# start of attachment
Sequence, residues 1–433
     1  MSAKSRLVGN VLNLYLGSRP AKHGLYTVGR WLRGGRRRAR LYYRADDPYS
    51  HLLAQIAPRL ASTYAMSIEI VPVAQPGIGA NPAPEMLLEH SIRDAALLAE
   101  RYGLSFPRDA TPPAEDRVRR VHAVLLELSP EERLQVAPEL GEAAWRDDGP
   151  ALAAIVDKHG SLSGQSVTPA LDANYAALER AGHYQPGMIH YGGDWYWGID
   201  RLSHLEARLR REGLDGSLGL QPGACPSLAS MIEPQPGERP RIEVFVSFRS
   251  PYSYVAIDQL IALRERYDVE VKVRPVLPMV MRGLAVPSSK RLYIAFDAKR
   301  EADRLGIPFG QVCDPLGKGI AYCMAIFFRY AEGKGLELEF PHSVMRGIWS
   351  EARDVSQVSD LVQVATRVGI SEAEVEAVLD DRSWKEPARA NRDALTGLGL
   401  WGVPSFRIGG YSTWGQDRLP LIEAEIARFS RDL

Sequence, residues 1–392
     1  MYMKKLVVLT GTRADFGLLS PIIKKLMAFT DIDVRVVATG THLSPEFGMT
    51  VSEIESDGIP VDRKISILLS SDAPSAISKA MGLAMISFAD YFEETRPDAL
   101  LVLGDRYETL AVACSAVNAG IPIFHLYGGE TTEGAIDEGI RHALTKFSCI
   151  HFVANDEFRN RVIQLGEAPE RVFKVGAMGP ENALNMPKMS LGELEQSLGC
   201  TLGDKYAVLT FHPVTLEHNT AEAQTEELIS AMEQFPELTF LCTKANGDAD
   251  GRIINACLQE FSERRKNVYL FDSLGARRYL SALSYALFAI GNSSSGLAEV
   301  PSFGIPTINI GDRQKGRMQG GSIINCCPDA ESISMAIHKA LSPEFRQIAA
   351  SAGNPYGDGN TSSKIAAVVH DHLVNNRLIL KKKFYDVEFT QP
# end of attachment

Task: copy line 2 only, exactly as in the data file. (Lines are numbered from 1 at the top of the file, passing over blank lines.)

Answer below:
     1  MSAKSRLVGN VLNLYLGSRP AKHGLYTVGR WLRGGRRRAR LYYRADDPYS